High and low
A still from the film Man on a Ledge.
Man on a Ledge
Direction: Asger Leth
Cast: Sam Worthington, Elizabeth Banks
As the title indicates, this tepid thriller does indeed feature a man on a ledge for almost the entire running time of 100 minutes.
reminiscent of the publicist played by Colin Farrell in Phone Booth (2003), a former cop-turned-felon (Worthington) perches hesitantly outside the window of a high-rise hotel room in Manhattan.
Threatening to jump off, the man demands to speak with a police negotiator (Banks) who's clearly having a bad hair day herself.
What initially seems sheer folly is quickly revealed to be an elaborate ruse to be exonerated from the charges of a diamond heist.
The ticking clock atmosphere precipitates a police standoff, TV news coverage, besides a crowd of onlookers who actually exhort the man to jump off. Frankly at times, we feel like shoving him ourselves.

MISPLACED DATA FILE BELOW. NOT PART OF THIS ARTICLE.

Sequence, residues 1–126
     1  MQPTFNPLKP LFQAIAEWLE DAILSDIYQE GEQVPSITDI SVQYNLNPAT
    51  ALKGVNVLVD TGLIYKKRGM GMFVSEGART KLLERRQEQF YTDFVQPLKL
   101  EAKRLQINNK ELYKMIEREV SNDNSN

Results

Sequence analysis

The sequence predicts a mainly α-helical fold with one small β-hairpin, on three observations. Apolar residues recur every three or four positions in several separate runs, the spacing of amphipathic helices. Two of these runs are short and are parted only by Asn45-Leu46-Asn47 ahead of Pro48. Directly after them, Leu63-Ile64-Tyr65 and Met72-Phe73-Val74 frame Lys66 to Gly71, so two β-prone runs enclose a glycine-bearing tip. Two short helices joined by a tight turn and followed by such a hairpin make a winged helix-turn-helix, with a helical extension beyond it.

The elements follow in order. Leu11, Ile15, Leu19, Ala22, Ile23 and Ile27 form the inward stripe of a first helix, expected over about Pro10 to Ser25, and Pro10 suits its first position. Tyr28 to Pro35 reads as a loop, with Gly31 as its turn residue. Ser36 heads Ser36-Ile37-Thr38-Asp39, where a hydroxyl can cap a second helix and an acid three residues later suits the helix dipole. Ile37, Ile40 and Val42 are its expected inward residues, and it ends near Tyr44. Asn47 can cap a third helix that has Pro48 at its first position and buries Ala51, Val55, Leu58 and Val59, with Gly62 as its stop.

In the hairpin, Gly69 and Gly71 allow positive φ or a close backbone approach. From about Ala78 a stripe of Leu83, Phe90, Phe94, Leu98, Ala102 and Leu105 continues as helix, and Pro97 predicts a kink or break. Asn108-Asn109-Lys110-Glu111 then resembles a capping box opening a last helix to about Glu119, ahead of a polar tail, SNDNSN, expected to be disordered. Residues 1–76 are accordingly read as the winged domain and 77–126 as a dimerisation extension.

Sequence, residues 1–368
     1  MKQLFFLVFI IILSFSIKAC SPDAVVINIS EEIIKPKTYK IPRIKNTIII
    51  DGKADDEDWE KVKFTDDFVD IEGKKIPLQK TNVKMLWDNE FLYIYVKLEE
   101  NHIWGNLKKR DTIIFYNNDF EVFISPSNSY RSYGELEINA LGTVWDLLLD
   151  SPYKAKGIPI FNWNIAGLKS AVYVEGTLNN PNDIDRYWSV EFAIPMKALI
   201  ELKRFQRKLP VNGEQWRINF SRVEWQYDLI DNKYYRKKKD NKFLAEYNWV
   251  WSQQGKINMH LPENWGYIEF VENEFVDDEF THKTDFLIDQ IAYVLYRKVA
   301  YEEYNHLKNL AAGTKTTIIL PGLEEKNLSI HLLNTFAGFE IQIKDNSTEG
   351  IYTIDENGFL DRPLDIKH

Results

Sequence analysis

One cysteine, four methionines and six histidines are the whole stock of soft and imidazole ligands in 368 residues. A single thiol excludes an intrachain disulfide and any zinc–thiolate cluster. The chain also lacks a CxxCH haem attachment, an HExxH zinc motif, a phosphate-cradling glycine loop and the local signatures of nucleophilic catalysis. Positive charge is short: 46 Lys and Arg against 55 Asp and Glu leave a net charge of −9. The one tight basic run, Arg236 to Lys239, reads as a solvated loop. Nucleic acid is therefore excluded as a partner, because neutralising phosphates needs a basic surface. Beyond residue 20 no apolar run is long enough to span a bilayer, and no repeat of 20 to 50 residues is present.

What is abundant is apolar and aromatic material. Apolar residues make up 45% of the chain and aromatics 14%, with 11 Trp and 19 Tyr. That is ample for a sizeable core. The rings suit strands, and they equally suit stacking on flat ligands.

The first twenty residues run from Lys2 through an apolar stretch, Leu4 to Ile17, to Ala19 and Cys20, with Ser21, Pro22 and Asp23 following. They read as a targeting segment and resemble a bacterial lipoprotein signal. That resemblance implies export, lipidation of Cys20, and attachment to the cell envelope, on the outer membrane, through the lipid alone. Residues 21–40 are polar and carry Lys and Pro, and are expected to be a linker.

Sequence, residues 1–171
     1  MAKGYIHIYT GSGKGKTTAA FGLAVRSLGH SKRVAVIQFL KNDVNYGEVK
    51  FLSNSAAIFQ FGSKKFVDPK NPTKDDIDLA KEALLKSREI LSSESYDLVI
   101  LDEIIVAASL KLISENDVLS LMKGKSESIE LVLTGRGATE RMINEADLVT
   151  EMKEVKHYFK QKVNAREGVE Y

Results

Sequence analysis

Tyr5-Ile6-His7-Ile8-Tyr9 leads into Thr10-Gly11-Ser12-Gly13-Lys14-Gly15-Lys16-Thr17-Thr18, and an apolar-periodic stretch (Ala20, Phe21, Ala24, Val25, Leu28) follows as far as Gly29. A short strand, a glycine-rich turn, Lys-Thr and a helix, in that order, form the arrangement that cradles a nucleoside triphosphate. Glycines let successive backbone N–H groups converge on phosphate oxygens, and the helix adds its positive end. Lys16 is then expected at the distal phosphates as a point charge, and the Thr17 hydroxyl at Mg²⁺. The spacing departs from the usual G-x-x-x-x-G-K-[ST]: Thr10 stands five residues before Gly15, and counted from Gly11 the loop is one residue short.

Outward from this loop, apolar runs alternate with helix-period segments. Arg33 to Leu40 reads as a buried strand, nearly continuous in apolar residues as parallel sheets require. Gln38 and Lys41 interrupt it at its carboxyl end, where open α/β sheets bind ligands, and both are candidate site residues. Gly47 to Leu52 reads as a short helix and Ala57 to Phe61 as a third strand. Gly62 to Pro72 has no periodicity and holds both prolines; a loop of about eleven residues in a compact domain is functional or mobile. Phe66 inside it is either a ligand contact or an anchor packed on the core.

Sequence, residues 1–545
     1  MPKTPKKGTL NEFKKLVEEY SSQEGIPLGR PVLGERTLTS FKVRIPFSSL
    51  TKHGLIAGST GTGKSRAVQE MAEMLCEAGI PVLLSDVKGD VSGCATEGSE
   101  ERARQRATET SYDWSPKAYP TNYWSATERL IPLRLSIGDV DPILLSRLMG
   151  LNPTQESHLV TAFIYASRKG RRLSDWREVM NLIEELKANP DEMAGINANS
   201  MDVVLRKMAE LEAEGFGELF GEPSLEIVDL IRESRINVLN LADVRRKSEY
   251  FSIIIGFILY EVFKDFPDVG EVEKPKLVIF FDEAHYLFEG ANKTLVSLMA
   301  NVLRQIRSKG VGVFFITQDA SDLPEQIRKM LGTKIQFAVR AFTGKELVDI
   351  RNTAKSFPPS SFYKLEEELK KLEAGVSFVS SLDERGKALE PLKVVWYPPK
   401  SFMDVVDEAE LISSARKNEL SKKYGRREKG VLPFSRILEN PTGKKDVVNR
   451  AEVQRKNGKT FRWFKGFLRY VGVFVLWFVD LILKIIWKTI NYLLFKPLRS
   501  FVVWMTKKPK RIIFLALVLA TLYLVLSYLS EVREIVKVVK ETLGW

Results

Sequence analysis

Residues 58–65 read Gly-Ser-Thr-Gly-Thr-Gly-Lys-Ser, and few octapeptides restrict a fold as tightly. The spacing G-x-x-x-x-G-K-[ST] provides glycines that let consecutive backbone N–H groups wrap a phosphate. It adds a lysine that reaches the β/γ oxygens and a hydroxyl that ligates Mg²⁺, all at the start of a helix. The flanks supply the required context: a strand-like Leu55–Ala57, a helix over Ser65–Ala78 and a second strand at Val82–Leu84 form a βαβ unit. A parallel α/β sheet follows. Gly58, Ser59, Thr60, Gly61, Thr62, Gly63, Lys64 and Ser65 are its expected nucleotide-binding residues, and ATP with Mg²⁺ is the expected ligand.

Despite the dizzying, high-altitude setting, the film seldom induces a sense of vertigo. Crammed with twists and turns, the script tests the limits of audience credulity. The bagatelle peters out with a crucial character resurfacing for a family reunion. What a contrivance!
As the ledge-mates, Sam Worthing-ton and Elizabeth Banks share precious little chemistry. Worse, the flirtatious banter between the cop's brother (Jamie Bell) and his skimpily-clad girlfriend grates on the ears. As the capitalist crook, the normally bankable Ed Harris is reduced to a cipher.
Neither great nor ghastly Man on a Ledge just about makes it to the goodish grade.